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A memoir of one of the great talk-show hosts of all time looks back on interviews with Barbra Streisand, Malcolm X, Fred Astaire, Mother Teresa, Milton Berle, John Wayne, Groucho Marx, Jimmy Hoffa, Yoko Ono, Jay Leno, and many others.
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Mike Douglas now lives in North Palm Beach, Florida, with his wife, Gen.Excerpt. © Reprinted by permission. All rights reserved.:
Chapter One: A Million to One
People ask me how I became a star. That question still floors me. I never thought of myself as a star. Still don't. If you want to know the truth, I fell into the American Dream. I didn't have lofty ambitions or a Master Plan. I liked to sing and entertain people, and the only reason I became (wince) a star is because, by the early 1960s, there weren't enough joints left for a ballad singer like myself to make a few hundred bucks a week and support a growing family. I was in danger of becoming obsolete, a typewriter salesman in Silicon Valley.
It's not like I hadn't already had more than my share of success. I had been singing for my supper since my teens, featured vocalist on some of the nation's best radio stations before I was twenty. I had paid my dues, toured the country with some big bands, and learned some licks from some of the biggest names in the business -- Count Basie, Duke Ellington, Harry James. I listened, I watched, I learned.
I had starred with America's favorite radio musical show, and later the first hit musical program on television, Kay Kyser's Kollege of Musical Knowledge. With Kay, I had even scored two number-one records in two years. "The Old Lamplighter" was my first hit -- still a special song to me -- then "Ole Buttermilk Sky" topped Billboard's chart for eighteen weeks. Those were sweet days.
But by the early 1950s, night was falling for the big bands. In spite of banner ratings, Kay's prime sponsor withdrew and the old maestro closed the Kollege forever. For us, it was the beginning of hard times.
In spite of my credits, work was scarce. The buzzword at the record companies was "rock 'n' roll" and that wasn't me. Most of the nightclubs that had welcomed me in the 1940s no longer existed, torn down to make way for malls and fast food stores. The few that were left were struggling. I worked for months at a time at the Bar of Music and Dick Whittinghill's club in Sherman Oaks, doubling as house singer and MC. Some in-studio jobs at infant KTTV helped pay the bills. Once or twice a year, we would hit the road. A week in Chicago, two weeks in St. Louis, three nights in Boston, a week in New York. But the writing was on the wall. In every city, we'd hear the same sad refrain. Crowds thinning out. Band musicians were scarce. Money was scarcer.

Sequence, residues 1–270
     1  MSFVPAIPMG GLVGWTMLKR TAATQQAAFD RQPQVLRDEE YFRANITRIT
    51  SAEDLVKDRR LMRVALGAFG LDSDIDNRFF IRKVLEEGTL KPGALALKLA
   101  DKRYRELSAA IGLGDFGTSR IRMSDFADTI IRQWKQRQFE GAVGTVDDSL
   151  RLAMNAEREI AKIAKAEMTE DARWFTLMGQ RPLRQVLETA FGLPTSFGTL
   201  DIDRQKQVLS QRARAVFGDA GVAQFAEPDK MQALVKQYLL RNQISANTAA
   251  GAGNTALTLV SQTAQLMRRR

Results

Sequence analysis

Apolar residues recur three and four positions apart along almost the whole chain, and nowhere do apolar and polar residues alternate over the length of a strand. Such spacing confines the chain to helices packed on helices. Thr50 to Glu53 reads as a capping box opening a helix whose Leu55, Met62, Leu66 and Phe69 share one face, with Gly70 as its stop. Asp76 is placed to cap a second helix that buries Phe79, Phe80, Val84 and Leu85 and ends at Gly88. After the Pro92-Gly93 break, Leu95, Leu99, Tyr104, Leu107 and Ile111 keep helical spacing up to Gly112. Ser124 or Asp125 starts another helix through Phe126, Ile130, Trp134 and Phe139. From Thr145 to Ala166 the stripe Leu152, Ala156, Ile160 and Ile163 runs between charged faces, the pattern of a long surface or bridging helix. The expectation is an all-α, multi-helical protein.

My wife, Gen, and I managed to maintain a decent lifestyle, but show business wasn't paying for it anymore, real estate was. My bride had a wonderful sense of value when it came to houses and I had learned enough watching show biz agents to negotiate good deals. We bought our first home in Burbank on the G.I. Bill for under $8,000 and sold it a few years later for double that. We moved up, found another bargain in the Valley, then doubled our money again a few years later. I wouldn't recommend it today -- it reminds me of the old Detroit saying, "You can live in your car, but you can't drive your house" -- but it worked for us time and again. In the leanest years, we lived off the profits from flipping homes in the flourishing L.A. market.
That was a hobby. In comparison, my vocation was producing dismal results. I was thirty-five years old and still wondering what I was going to be when I grew up. I looked at my beautiful girls, all four of them, and said to myself, "This is no way to live. I'm no quitter, but I've got to let it go." I was into my third day of scanning the want ads when a letter arrived, the old Air Mail Special Delivery.
It was a note from Woody Fraser: "Dear Mike, Please contact me right away. I need you in Cleveland."